Morgan Hill Concerned Parents Association v. California Department of Education

Filing 316

ORDER signed by District Judge Kimberly J. Mueller on 7/20/2017 DENYING 236 , 239 , 240 Requests for Reconsideration. (Michel, G.)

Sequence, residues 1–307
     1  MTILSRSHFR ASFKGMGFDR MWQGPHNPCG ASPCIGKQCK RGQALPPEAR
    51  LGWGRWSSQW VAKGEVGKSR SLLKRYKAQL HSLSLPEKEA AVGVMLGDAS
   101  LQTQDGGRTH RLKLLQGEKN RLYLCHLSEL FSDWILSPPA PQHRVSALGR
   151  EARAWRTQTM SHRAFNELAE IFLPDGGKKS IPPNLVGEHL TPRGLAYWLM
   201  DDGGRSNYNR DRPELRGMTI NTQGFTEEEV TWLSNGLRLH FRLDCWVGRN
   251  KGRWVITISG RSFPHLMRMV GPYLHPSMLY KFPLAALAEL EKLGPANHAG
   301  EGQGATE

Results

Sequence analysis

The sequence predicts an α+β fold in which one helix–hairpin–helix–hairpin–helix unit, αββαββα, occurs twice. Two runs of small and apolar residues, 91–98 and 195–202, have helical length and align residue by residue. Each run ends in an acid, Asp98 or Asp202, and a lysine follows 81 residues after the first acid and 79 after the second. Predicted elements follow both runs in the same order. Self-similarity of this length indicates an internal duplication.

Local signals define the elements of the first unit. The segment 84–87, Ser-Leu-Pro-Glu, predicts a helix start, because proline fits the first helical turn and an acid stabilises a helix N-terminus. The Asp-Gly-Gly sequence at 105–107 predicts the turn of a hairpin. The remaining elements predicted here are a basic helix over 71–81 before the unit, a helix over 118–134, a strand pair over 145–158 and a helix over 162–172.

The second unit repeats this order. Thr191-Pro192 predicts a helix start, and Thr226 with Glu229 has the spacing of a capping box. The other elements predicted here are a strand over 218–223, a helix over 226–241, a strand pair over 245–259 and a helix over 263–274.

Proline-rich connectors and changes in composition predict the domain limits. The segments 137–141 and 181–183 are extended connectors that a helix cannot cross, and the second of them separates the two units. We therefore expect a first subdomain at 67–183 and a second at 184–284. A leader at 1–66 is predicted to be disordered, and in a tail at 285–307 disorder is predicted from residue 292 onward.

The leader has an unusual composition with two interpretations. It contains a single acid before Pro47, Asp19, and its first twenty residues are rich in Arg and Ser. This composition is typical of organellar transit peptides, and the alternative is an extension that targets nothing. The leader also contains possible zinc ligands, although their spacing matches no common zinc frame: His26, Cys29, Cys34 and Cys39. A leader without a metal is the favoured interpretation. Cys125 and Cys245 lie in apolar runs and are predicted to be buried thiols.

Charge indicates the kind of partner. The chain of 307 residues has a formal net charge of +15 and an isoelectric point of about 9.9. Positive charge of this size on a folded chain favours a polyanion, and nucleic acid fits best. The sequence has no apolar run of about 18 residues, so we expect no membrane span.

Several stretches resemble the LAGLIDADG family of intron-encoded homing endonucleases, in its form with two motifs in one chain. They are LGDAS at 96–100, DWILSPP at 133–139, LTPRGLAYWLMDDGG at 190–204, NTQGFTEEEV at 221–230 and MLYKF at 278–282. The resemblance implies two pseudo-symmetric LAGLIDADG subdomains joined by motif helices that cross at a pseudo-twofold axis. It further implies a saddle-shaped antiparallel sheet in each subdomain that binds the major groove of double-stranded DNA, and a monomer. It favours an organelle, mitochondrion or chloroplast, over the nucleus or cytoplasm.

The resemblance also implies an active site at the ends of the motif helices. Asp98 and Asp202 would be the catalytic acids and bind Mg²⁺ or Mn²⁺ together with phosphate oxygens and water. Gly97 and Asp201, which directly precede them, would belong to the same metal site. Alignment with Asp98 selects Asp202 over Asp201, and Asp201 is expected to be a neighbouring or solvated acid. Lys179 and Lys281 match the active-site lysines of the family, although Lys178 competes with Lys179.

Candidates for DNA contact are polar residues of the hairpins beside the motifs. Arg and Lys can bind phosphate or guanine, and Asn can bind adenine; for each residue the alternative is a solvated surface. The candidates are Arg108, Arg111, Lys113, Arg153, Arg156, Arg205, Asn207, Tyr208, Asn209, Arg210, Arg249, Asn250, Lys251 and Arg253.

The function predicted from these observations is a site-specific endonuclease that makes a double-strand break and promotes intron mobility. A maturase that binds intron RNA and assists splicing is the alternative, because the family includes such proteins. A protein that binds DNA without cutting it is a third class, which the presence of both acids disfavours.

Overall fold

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1 2 3 4 5 6 7 8 UNITED STATES DISTRICT COURT 9 FOR THE EASTERN DISTRICT OF CALIFORNIA 10 11 12 13 14 MORGAN HILL CONCERNED PARENTS ASSOCIATION, an unincorporated association, and CONCERNED PARENTS ASSOCIATION, an unincorporated association, ORDER Plaintiffs, 15 v. 16 17 No. 2:11-CV-03471-KJM-AC CALIFORNIA DEPARTMENT OF EDUCATION, and DOES 1 through 5, 18 Defendant. 19 Three requests for reconsideration of the magistrate judge’s August 17, 2016 20 21 rulings are before the court. See Aug. 17, 2016 Order (“MJ’s Order”), ECF No. 229; Pls.’ Req., 22 ECF No. 236; Def.’s First Req., ECF No. 239, Def.’s Second Req., ECF No. 240. The court has 23 already denied a portion of plaintiffs’ request. March 12, 2017 Order, ECF No. 300. This order 24 addresses the balance of the requests and, for the reasons discussed below, DENIES all of them. 25 I. 26 BACKGROUND A. The Magistrate Judge’s Order 27 On August 17, 2016, the magistrate judge issued an order addressing three of the 28 parties’ motions. See generally MJ’s Order. For reasons explained in her order, the magistrate 1 1 judge denied defendant’s motion for a protective order, id. at 2–7; granted in part and denied in 2 part defendant’s motion to compel, id. at 7–14; and granted plaintiffs’ motion for sanctions on a 3 limited basis and for a reduced amount, id. at 14–23. 4 Each set of parties asks for reconsideration of portions of the magistrate judge’s 5 order, as the court explains below. See Pls.’ Req.; Def.’s First Req.; Def.’s Second Req. 6 II. 7 STANDARD Federal Rule of Civil Procedure 72(a) directs district judges to consider timely 8 objections to nondispositive pretrial orders issued by magistrate judges and to “modify or set 9 aside any part of the order that is clearly erroneous or is contrary to law.” See also Local Rule 10 303(f) & 28 U.S.C. § 636(b)(1)(A). The “contrary to law” standard permits independent review 11 of purely legal determinations by a magistrate judge. See, e.g., Computer Economics, Inc. v. 12 Gartner Grp., Inc., 50 F. Supp. 2d 980, 983 (S.D. Cal. 1999) (citing, inter alia, Haines v. Liggett 13 Grp., Inc., 975 F.2d 81, 91 (3d Cir. 1992)). The “clearly erroneous” standard applies to the 14 magistrate judge’s factual determinations and discretionary decisions. See Maisonville v. F2 Am., 15 Inc., 902 F.2d 746, 748 (9th Cir. 1990). “A finding is ‘clearly erroneous’ when although there is 16 evidence to support it, the reviewing [body] on the entire evidence is left with the definite and 17 firm conviction that a mistake has been committed.” Concrete Pipe and Prods. v. Constr. 18 Laborers Pension Trust, 508 U.S. 602, 622 (1993) (quoting United States v. United States 19 Gypsum Co., 333 U.S. 364, 395 (1948)) (alteration in original). “[R]eview under the ‘clearly 20 erroneous’ standard is significantly deferential[.]” Id. at 623. “To succeed [on a motion for 21 reconsideration], a party must set forth facts or law of a strongly convincing nature to induce the 22 court to reverse its prior decision.” Enriquez v. City of Fresno, No. CV F 10–0581 AWI DLB, 23 2011 WL 1087149, at *3 (E.D. Cal. Mar. 23, 2011). Furthermore, when filing a motion for 24 reconsideration, a party must show “what new or different facts or circumstances are claimed to 25 exist which did not exist or were not shown upon such prior motion, or what other grounds exist 26 for the motion.” Local Rule 230(j)(3). “A motion for reconsideration ‘may not be used to raise 27 arguments or present evidence for the first time when they could reasonably have been raised 28 earlier in the litigation.’” Marlyn Nutraceuticals, Inc. v. Mucos Pharma GmbH & Co., 571 F.3d 2 1 873, 880 (9th Cir. 2009) (quoting Kona Enters., Inc. v. Estate of Bishop, 229 F.3d 877, 890 (9th 2 Cir. 2000)). 3 III. 4 5 DISCUSSION A. Defendant’s Motion to Compel Each set of parties asks the court to reconsider portions of the magistrate judge’s 6 order granting in part defendant’s motion to compel. See Pls.’ Req. at 19–21; Def’s First Req. 7 The court briefly summarizes the magistrate judge’s ruling on that motion. 8 1. 9 The magistrate judge granted in part defendant’s motion to compel discovery The Magistrate Judge’s Ruling 10 regarding plaintiffs’ members, including members’ identities and the factual bases for members’ 11 allegations in the operative complaint. MJ’s Order at 7–14. To determine whether to compel 12 discovery, the magistrate judge looked to the two-part test articulated in NAACP v. Alabama, 357 13 U.S. 449 (1958). As the magistrate judge explained, under NAACP, the court first asks whether 14 compelled disclosure would restrain a party’s rights of association; if it does, the court next asks 15 whether the information has a “substantial bearing” on the issues involved in the litigation to 16 warrant disclosure. MJ’s Order at 8–9 (citing NAACP, 357 U.S. at 462–66). 17 Applying NAACP’s first step, the magistrate judge found plaintiffs’ declaration of 18 Linda McNulty, the current president of plaintiff Concerned Parents Association, presented 19 uncontroverted evidence that disclosure would restrain plaintiffs’ rights of association. MJ’s 20 Order at 9 (citing McNulty Decl., ECF No. 221-1). Applying NAACP’s second step, the 21 magistrate judge found defendant established a convincing need for the information. Id. at 10–11. 22 As the magistrate judge explained, although the case is statewide, plaintiffs’ complaint 23 specifically alleged violations of the rights of seventeen individual students, and defendant “needs 24 to know” the facts underlying those allegations in order to defend itself. Id. (citing First Am. 25 Compl. (“FAC”) Ex. A, ECF No. 6-1). The magistrate judge concluded disclosure was 26 appropriate and turned to an issue the NAACP Court never reached: how to protect the 27 association’s rights in light of the disclosure. Id. Because of the “uncontroverted risk of 28 retaliation by the LEAs [Local Education Agencies],” the magistrate judge ordered defendant, 3 1 “under pain of contempt, to ensure that LEAs do not retaliate against any disclosed plaintiff or 2 school child.” Id. at 12, 25. The magistrate judge next evaluated each discovery request in turn, 3 largely granting the motions to compel regarding the seventeen students. Id. at 12–14. 4 2. 5 Plaintiffs ask the court to reconsider the magistrate judge’s order largely granting Plaintiffs’ Request for Reconsideration 6 defendant’s motion to compel. Pls.’ Req. at 19–21. Plaintiffs argue (1) the magistrate judge 7 wrongly concluded the discovery requests were limited to seventeen students rather than all of 8 plaintiffs’ members and (2) the magistrate judge misapplied NAACP when it concluded 9 defendant’s need for the information overcame plaintiffs’ associational rights. Id. 10 11 a) The Scope of Defendant’s Request Plaintiffs’ first argument is not supported by the record. The magistrate judge’s 12 decision to limit defendant’s request to the seventeen students is consistent with the parties’ 13 colloquy at hearing. August 10, 2016 Hr’g Tr. at 23:21–24:16, ECF No. 231. And defendant 14 does not move to reconsider the magistrate judge’s interpretation that defendant limited its 15 request at hearing to the seventeen students. MJ’s Order at 12; see also Def.’s First Req. To the 16 extent plaintiffs are concerned defendant may ultimately pursue information about additional 17 members, they may rely on the magistrate judge’s order granting defendant’s request only as to 18 this limited group of plaintiffs’ members. MJ’s Order at 12–14. Plaintiffs’ first argument 19 provides no basis for reconsideration. 20 21 b) Defendant’s Need for the Information Plaintiffs’ second argument turns on the magistrate judge’s balancing of plaintiffs’ 22 First Amendment associational rights with defendant’s need for the information. To review this 23 ruling, the court first examines the Ninth Circuit’s interpretation of NAACP and its progeny. 24 In the Ninth Circuit, plaintiffs’ claim of a First Amendment privilege is reviewed 25 in a two-part framework. Perry v. Schwarzenegger, 591 F.3d 1147, 1160–61 (9th Cir. 2010). 26 The party asserting the privilege must demonstrate a prima facie case of First Amendment 27 infringement; to do this, the party must show compelling disclosure would lead to harassment, 28 membership withdrawal, discouragement of new members, or some other form of “chilling” of 4 1 associational rights. Id. at 1160 (citing Brock v. Local 375, Plumbers Int’l Union of Am., 860 2 F.2d 346, 349–50 (9th Cir. 1988)). 3 If the party asserting the privilege establishes a prima facie case, the evidentiary 4 burden shifts to the party seeking disclosure to demonstrate the information sought is “rationally 5 related to a compelling governmental interest” and the “least restrictive means” of obtaining the 6 desired information. Id. at 1161 (internal quotations omitted) (citing Brock, 860 F.2d at 50; Dole 7 v. Serv. Emps. Union, AFL–CIO, Local 280, 950 F.2d 1456, 1459–61 (9th Cir. 1991)). This 8 second step is “meant to make discovery that impacts First Amendment associational rights 9 available only after careful consideration of the need for such discovery, but not necessarily to 10 preclude it. The question is therefore whether the party seeking the discovery ‘has demonstrated 11 an interest in obtaining the disclosures it seeks . . . which is sufficient to justify the deterrent 12 effect . . . on the free exercise . . . of [the] constitutionally protected right of association.’” Id. 13 (alterations in original) (quoting NAACP, 357 U.S. at 463). To determine whether the interest in 14 disclosure outweighs the harm, a court may consider the importance of the litigation, the 15 centrality of the information sought to the issues in the case, the existence of less intrusive means 16 of obtaining the information, and the substantiality of the First Amendment interests at stake. Id. 17 (citing Buckley v. Valeo, 424 U.S. 1, 71 (1976); NAACP, 357 U.S. at 464–65; Dole, 950 F.2d at 18 1461; Grandbouche v. Clancy, 825 F.2d 1463, 1466 (10th Cir. 1987); Black Panther Party v. 19 Smith, 661 F.2d 1243, 1268 (D.C. Cir. 1981)). 20 Here, the magistrate judge first found disclosure of children’s and parents’ names 21 would operate as a restraint on plaintiffs’ rights of association. MJ’s Order at 9. For reasons 22 discussed below, the magistrate judge’s finding of uncontroverted evidence of retaliation was not 23 clearly erroneous. See id. (citing McNulty Decl.). That evidence describes how LEAs have 24 retaliated against parents for advocating on behalf of their children and how school district 25 personnel have harassed, threatened, or pressured plaintiffs’ member parents involved in this suit. 26 McNulty Decl. ¶¶ 3–4. Because this evidence shows how compelling disclosure would “chill” 27 plaintiffs’ associational rights, the magistrate judge’s conclusion that plaintiffs established a 28 5 1 prima facie case of First Amendment infringement was also not clearly erroneous. Perry, 591 2 F.3d at 1160. 3 Next, the magistrate judge looked to defendant’s interest in the information, which 4 the magistrate judge found “convincing.” MJ’s Order at 10. Although the magistrate judge did 5 not use Buckley v. Valeo’s language of “rationally related to a compelling governmental interest,” 6 defendant nonetheless satisfied this standard. A court may look to several factors to evaluate 7 defendant’s interest in requested information, including “the centrality of the information sought 8 to the issues in the case.” Perry, 591 F.3d at 1160 (citing NAACP, 357 U.S. at 464–65; 9 Grandbouche, 825 F.2d at 1466; Black Panther Party, 661 F.2d at 1268)). As the Black Panther 10 Party court explained, “[t]he interest in disclosure will be relatively weak unless the information 11 goes to ‘the heart of the matter,’ that is, unless it is crucial to the party’s case.” 661 F.2d at 1268. 12 Here, the magistrate judge concluded information about the seventeen students was central to 13 defendant’s defense. MJ’s Order at 10–11 (citations omitted). Plaintiffs specifically alleged 14 violations of the rights of seventeen individual students in their complaint and alleged the 15 violations were “reflective of the experiences of far too many of the children in California’s 16 special educational population.” FAC ¶ 22; id. Ex. A. Given these allegations, defendant is 17 entitled to information about these seventeen students so that it can assess plaintiffs’ claims and 18 whether defendant has a basis to respond by arguing the alleged conduct was lawful or did not 19 occur, or defend itself on some other basis. The magistrate judge did not err when she concluded 20 defendant’s interest in the information warranted limited disclosure as to the seventeen students. 21 22 The court DENIES plaintiffs’ request for reconsideration of the magistrate judge’s order granting in part defendant’s motion to compel. 23 3. 24 Defendant asks the court to reconsider the portion of the magistrate judge’s order 25 requiring defendant to ensure LEAs do not retaliate against identified plaintiff members or their 26 children. See Def.’s First Req. Defendant argues (1) the evidence of retaliation is controverted 27 and (2) the order is impermissibly vague because defendant does not control LEAs. Id. Defendant’s Request for Reconsideration 28 6 1 As to defendant’s first argument, as noted above, the evidence supports plaintiffs’ 2 assertions of retaliation. See McNulty Decl. ¶¶ 2–5. Defendant does not point to any evidence 3 that controverts the assertions. See Def.’s First Req. Based on the record, which was before the 4 magistrate judge, her finding that plaintiffs identified an “uncontroverted risk of retaliation by the 5 LEAs” was not clearly erroneous. Defendant argues it sought the very discovery it needed to 6 controvert McNulty’s declaration. But that argument does not alter the reasonableness of the 7 magistrate judge’s ruling given the record before the court. If defendant later discovers “new or 8 different facts or circumstances” that may alter this conclusion, it may be able to seek 9 reconsideration at that time. Local Rule 230(j)(3). 10 As to defendant’s second argument, a central issue in this case is the extent to 11 which defendant exerts control over LEAs. See generally FAC. Plaintiffs focus on defendant’s 12 responsibility to provide a “free appropriate public education” (“FAPE”) or ensure that LEAs 13 provide it. FAC at 1–2. But the complaint also alleges systematic failures in defendant’s 14 monitoring of LEAs’ provision of FAPE, and incorporates allegations that an LEA retaliated 15 against plaintiff parents for advocating to ensure their child received a FAPE. See id. at 2–4; id. 16 Ex. A at 1–2. Defendant’s role in LEAs’ FAPE-related retaliation is at issue in this case. 17 While the parties appear to agree defendant exerts limited control over LEAs’ 18 retaliation, Def.’s First Req. at 3; Pl.’s Req. at 15, the magistrate judge was not clearly erroneous 19 in taking steps to protect plaintiffs’ associational rights and to carefully tailor the order to 20 defendant’s interest in the information. Defendant acknowledges steps it can take to ensure LEAs 21 do not retaliate against disclosed students and their families. Def.’s First Req. at 2. Any 22 subsequent contempt proceeding will turn on defendant’s own role in the retaliation. See Shell 23 Offshore Inc. v. Greenpeace, Inc., 815 F.3d 623, 628–30 (9th Cir. 2016) (explaining the court’s 24 contempt powers may be used to coerce the defendant or compensate or punish for defendant’s 25 conduct). Given the issues in this case, and defendant’s own potential role in contributing to or 26 preventing them, the magistrate judge’s ruling was not clearly erroneous. 27 The court DENIES defendant’s first request for reconsideration. 28 7 1 B. 2 Plaintiffs’ Motion for Sanctions Plaintiffs next ask the court to reconsider the magistrate judge’s order granting 3 plaintiffs’ motion for sanctions for a reduced amount. Pls.’ Req. at 21–24. The magistrate judge 4 granted plaintiffs’ request for reasonable attorneys’ fees incurred in connection with a prior 5 motion to compel under Federal Rule of Civil Procedure 37(a)(5). MJ’s Order at 17–24; see also 6 Jan. 1, 2016 Order (“MJ’s Discovery Order”), ECF No. 150. But in apportioning fees under Rule 7 37(a)(5)(C), the magistrate judge limited the amount of recoverable fees for two reasons that 8 plaintiffs challenge here: first, by concluding plaintiffs prevailed on about half of their motion to 9 compel and, second, by concluding defendant was “substantially justified” in making about half 10 of its objections to the requested discovery. MJ’s Order at 20–21; id. at 17. On this basis, the 11 magistrate judge reduced plaintiffs’ request to one quarter (half of half) of the $622,515.85 12 attributable to the motion to compel, or $155,628.96. Id. at 21.1 13 The parties do not point to any binding authority, and the court is aware of none, 14 that prescribes how a court must “apportion” fees under Rule 37(a)(5)(C). The rule expressly 15 makes apportionment discretionary when the motion to compel is granted in part. Fed. R. Civ. P. 16 37(a)(5)(C) (court “may” apportion reasonable expenses). Another portion of the rule, which 17 bears on 37(a)(5)(C), prohibits shifting fees even for a fully granted motion where “other 18 circumstances make an award of expenses unjust.” Fed. R. Civ. P. 37(a)(5)(A); see also Merritt 19 v. Intl. Broth. of Boilermakers, 649 F.2d 1013, 1017 (5th Cir. 1981) (citing prior version of Rule 20 37(a)(5)(C), which permitted apportionment “in a just manner”). The rule thus confers 21 substantial discretion on a court to determine how to apportion expenses, as the parties’ cited 22 cases show. Compare Nalco Chem. Co. v. Hydro Techs., Inc., 148 F.R.D. 608, 617 (E.D. Wis. 23 1993) (where motion to compel was granted in part, ordering parties to bear their own costs and 24 fees) with Aevoe Corp. v. AE Tech Co., Ltd., 2:12-CV-00053-GMN, 2013 WL 5324787, at *3 (D. 25 Nev. Sept. 20, 2013) (where motion to compel was granted in significant part, shifting 90 percent 26 27 28 1 The court has already denied plaintiffs’ request to reconsider the magistrate judge’s use of Sacramento, rather than San Francisco, rates to determine the “prevailing rate” in this case. See ECF No. 300. 8 1 of fees) and E-Pass Techs., Inc. v. 3Com, Inc., C-00-2255 DLJ (EDL), 2008 WL 2899719, at *1 2 (N.D. Cal. July 22, 2008) (where motion to compel was granted in large part, shifting 90 percent 3 of fees based on other party’s “particularly meritless” and abandoned objections). Instead of 4 supporting a rigid formula, these cases stand for the proposition that courts aim to roughly 5 approximate the movant’s level of success in apportioning fees. See Nalco Chem., 148 F.R.D. at 6 617; Aevoe Corp., 2013 WL 5324787, at *3; E-Pass, 2008 WL 2899719, at *1. 7 The question then becomes whether the magistrate judge’s exercise of discretion in 8 apportioning fees was clearly erroneous. It was not. The magistrate judge first concluded 9 plaintiffs prevailed in “approximately half” of their motion. MJ’s Order at 21. In her prior order, 10 the magistrate judge denied in full eight of plaintiffs’ sixty-three discovery requests and denied in 11 part one more. See MJ’s Discovery Order at 13, ¶ 4. The magistrate judge further denied in part 12 all remaining requests to the extent they sought documents “relating to”2 other matters, although 13 she permitted plaintiffs’ requests for documents “constituting” or “describing” other matters. Id. 14 ¶ 3. Given plaintiffs’ mixed success, it was not clear error to conclude plaintiffs prevailed on 15 about half3 of their motion. 16 The magistrate judge next concluded defendant was “substantially justified” in 17 making about half of its objections. MJ’s Order at 21; id. at 17–18. A request for discovery is 18 “substantially justified” under Rule 37 if “reasonable people could differ on the matter in 19 dispute.” United States EEOC v. Caesars Entm’t, Inc., 237 F.R.D. 428, 435 (D. Nev. 2006) 20 (citing Reygo Pac. Corp. v. Johnston Pump Co., 680 F.2d 647, 649 (9th Cir. 1982)). Here, the 21 magistrate judge concluded two of defendant’s objections were not substantially justified: 22 23 24 25 26 27 28 2 Plaintiffs argue their repeated requested for documents “constituting, describing or relating to” various matters were effectively granted in full because “constituting and describing” fully encompasses “relating to.” Pls.’ Req. at 21. The magistrate judge specifically explained why “relating to” could reach documents that “describing” could not. MJ’s Order at 9. Plaintiffs do not seek reconsideration of that portion of the magistrate judge’s ruling distinguishing these terms, so they may not now argue the terms are effectively the same to manufacture a higher success rate than they achieved below. 3 Assuming the magistrate judge’s “relating to” determination effectively granted plaintiffs only two thirds of each of the remaining requests, plaintiffs could be credited for no more than 59 percent [(56 * 2/3) / 63] of their overall request. 9 1 (1) defendant’s objections ignoring this court’s prior orders, and (2) defendant’s refusals to 2 produce documents where it lacked any articulable objection to production. MJ’s Order at 18; see 3 also MJ’s Discovery Order at 6–7. But the magistrate judge concluded several more of 4 defendant’s objections were substantially justified even if overruled, including objections 5 involving privilege, discovery about non-disabled children, budgeting information, and state 6 commission reports. MJ’s Order at 17–18. Given these findings, which plaintiffs do not 7 challenge, the magistrate judge did not commit clear error by concluding “defendant was 8 substantially justified for about half of its objections.” Id. at 21. 9 In sum, the magistrate judge did not commit clear error by finding plaintiffs were 10 successful on half of their motion and that half of defendant’s objections were substantially 11 justified. Accordingly, there is no basis to reconsider the magistrate judge’s relying on one half 12 of one half of plaintiffs’ request in awarding sanctions. The court DENIES plaintiffs’ request for 13 reconsideration as to this ruling. 14 15 C. Defendant’s Motion for Protective Order Defendant asks the court to reconsider the magistrate judge’s order denying 16 defendant’s motion for protective order. See Def.’s Second Req. The magistrate judge initially 17 denied the motion on the dual grounds that defendant did not specifically address what discovery 18 it seeks protection from and that defendant failed to meaningfully meet and confer before filing 19 its motion. MJ’s Order at 2–4. The magistrate judge also cautioned defendant on the lack of 20 merit regarding its requests seeking to relitigate this court’s prior orders. Id. at 4–6. Based on the 21 denial of defendant’s motion, the magistrate judge then granted plaintiffs’ full request for 22 attorneys’ fees in connection with the motion. Id. at 6–7. 23 Defendant seeks reconsideration of each part of the magistrate judge’s ruling. 24 Defendant’s failure to meet and confer alone supports denial of defendant’s motion. The local 25 rules and the standing orders in this case all require parties to meet and confer prior to filing a 26 discovery motion. See Local Rule 251(b); Civil Standing Order for Judge Mueller, ECF No. 4-1; 27 Standard Information for Judge Claire. Similarly, Federal Rule of Civil Procedure 26(c)(1), 28 under which defendant brought the underlying motion for a protective order, requires certification 10 1 of good faith meet and confer “in an effort to resolve the dispute without court action.” Fed. R. 2 Civ. P. 26(c)(1). Moreover, in a prior order the magistrate judge ordered the parties to meet and 3 confer before filing any discovery motion under Rules 26 through 37 and 45. ECF No. 134 at 2. 4 In that order, the magistrate judge also expressly referenced her standard procedures and 5 reiterated the meet-and-confer requirement as a meaningful one. Id. at 2–3. Nonetheless, 6 defendant’s motion here inexplicably was filed after a two-minute phone call in which defense 7 counsel merely demanded plaintiffs limit their discovery. Joint Statement at 3, ECF No. 218. As 8 the magistrate judge explained here, “[t]hat is not what is meant by ‘meet and confer’ . . . . 9 Counsel’s simply stating that they are going to file a motion, and demanding that the opposing 10 party do what the motion requests, is not an attempt to resolve the dispute short of court action.” 11 MJ’s Order at 4. Neither the magistrate judge’s insistence that the parties meaningfully meet and 12 confer to comply with clearly articulated rules, nor her finding that defendant failed to do so in 13 this instance, were clearly erroneous. The court DENIES reconsideration of the magistrate 14 judge’s order denying defendant’s motion to compel. 15 One final issue remains: whether the magistrate judge, having denied defendant’s 16 motion for a protective order, erred by granting plaintiffs’ attorneys’ fees tied to litigating the 17 motion. She did not. Under Rule 37(a)(5), a court “must,” after giving an opportunity to be 18 heard, award reasonable expenses and fees incurring in litigating a motion that it either grants or 19 denies in full. Fed. R. Civ. P. 37(a)(5)(A)–(B); see also Fed. R. Civ. P. 26(c)(3) (expressly 20 incorporating Rule 37(a)(5) as to protective orders). Plaintiffs here requested $10,425 in fees for 21 past work at the rate of $695 per hour for 15 hours. Joint Statement at 20. Because defendant did 22 not challenge plaintiffs’ fees, the magistrate judge granted the request in full. MJ’s Order at 7. 23 Defendant’s quibble that it did not have an opportunity to oppose plaintiffs’ request is without 24 merit. Plaintiffs, like defendant, asked for mandatory fees incurred in litigating the motion for 25 protective order. See Joint Statement at 19–20. The joint statement detailed each party’s request 26 for fees. Id. As defense counsel concedes, he reviewed this request before the joint statement 27 was filed. Lien Decl. ¶¶ 2–3, ECF No. 240-1. Even if a joint statement by its nature precluded 28 defendant’s reply, defense counsel could have addressed any outstanding issues at hearing on the 11 1 motion. When given the chance, defense counsel rested on the arguments in the joint statement. 2 August 10, 2016 Hr’g Tr. at 18:7–9 (“COURT: Is there anything else defendants want to say in 3 support of their motion for a protective order? MR. LIEN: We’ll rest on our pleadings, Your 4 Honor.”). Although it was inconsistent for the magistrate judge to accept the same San Francisco 5 rates she rejected in another portion of the order, MJ’s Order at 22, it was not clearly erroneous to 6 accept plaintiffs’ request given defendant’s non-opposition. In sum, because the magistrate judge 7 “must” grant fees in this situation, and because defendant did not challenge plaintiffs’ calculation 8 of fees when given the opportunity, the magistrate judge did not commit clear error when she 9 granted plaintiffs’ request in full. 10 11 The court DENIES defendant’s second request for reconsideration. IV. CONCLUSION 12 The court DENIES plaintiffs’ request for reconsideration. ECF No. 236. 13 The court DENIES defendant’s first request for reconsideration. ECF No. 239. 14 The court DENIES defendant’s second request for reconsideration. ECF No. 240. 15 This order resolves ECF Nos. 236, 239–40. 16 IT IS SO ORDERED. 17 DATED: July 20, 2017. 18 19 20 UNITED STATES DISTRICT JUDGE 21 22 23 24 25 26 27 28 12